“Canada entered the pandemic in a position of strength, with the lowest debt-to-GDP ratio among G7 peers, a position it still retains. Our history of prudent fiscal management and current historically low borrowing rates have meant that Canada’s debt is affordable now, and will be for future generations. In fact, federal debt-servicing costs, relative to the size of Canada’s economy, are at a 100-year low,” the government said.

It added that its fiscal management remains prudent and responsible, including for future generations. It said the Fall Economic Statement will support Canadians through this crisis and ensure Canada’s future economy is resilient, inclusive, and strong for everyone.  

Freeland said: “Our government’s plan is focused on fighting this pandemic, supporting Canadians and ensuring that once the virus is defeated we can invest in growth and jobs for everyone. We will do whatever it takes to help Canadians through this crisis. We will invest in every necessary public health measure. We will support Canadians and Canadian businesses in a way that is targeted and effective. And we will ensure the Canadian economy that emerges from this pandemic is greener, more inclusive, more innovative, and more competitive than the one that preceded it, with a stronger, more resilient middle class.”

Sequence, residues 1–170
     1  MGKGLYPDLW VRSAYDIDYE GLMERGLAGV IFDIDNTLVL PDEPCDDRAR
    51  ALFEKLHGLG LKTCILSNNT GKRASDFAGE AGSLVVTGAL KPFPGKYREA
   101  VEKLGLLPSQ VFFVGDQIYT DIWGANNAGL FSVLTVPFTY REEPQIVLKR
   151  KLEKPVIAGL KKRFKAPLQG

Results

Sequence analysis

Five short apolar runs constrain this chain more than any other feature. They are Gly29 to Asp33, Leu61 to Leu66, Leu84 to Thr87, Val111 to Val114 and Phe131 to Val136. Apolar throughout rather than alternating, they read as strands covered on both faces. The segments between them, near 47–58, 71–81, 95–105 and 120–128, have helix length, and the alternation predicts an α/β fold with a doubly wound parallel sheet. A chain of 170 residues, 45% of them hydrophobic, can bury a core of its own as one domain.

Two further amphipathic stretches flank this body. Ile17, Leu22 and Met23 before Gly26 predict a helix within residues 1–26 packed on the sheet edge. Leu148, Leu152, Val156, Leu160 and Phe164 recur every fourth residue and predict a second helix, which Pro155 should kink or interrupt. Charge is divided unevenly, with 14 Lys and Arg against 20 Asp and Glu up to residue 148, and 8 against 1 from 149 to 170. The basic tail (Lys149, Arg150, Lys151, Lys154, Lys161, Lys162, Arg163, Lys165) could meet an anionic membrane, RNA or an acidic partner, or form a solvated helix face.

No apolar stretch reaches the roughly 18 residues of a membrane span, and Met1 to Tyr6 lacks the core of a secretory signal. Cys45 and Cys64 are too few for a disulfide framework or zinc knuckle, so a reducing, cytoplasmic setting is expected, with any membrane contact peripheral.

Quick Facts

  • * To date, more than eight of every 10 dollars spent in Canada to fight COVID-19 and support Canadians has been spent by the federal government and this unprecedented support has prevented economic scarring and stabilized the economy.